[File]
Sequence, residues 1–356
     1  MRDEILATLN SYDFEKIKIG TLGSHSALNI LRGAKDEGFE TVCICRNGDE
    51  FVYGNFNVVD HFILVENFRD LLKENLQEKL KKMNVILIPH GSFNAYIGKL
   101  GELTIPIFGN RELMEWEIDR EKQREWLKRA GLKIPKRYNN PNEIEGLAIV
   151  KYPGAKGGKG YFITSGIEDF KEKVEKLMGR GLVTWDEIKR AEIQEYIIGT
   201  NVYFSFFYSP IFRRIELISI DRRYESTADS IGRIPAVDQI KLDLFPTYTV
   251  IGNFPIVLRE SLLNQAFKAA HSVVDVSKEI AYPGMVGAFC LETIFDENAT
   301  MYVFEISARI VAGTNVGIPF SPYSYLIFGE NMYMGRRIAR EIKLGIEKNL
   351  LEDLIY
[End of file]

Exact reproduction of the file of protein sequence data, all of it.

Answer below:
Sequence, residues 1–356
     1  MRDEILATLN SYDFEKIKIG TLGSHSALNI LRGAKDEGFE TVCICRNGDE
    51  FVYGNFNVVD HFILVENFRD LLKENLQEKL KKMNVILIPH GSFNAYIGKL
   101  GELTIPIFGN RELMEWEIDR EKQREWLKRA GLKIPKRYNN PNEIEGLAIV
   151  KYPGAKGGKG YFITSGIEDF KEKVEKLMGR GLVTWDEIKR AEIQEYIIGT
   201  NVYFSFFYSP IFRRIELISI DRRYESTADS IGRIPAVDQI KLDLFPTYTV
   251  IGNFPIVLRE SLLNQAFKAA HSVVDVSKEI AYPGMVGAFC LETIFDENAT
   301  MYVFEISARI VAGTNVGIPF SPYSYLIFGE NMYMGRRIAR EIKLGIEKNL
   351  LEDLIY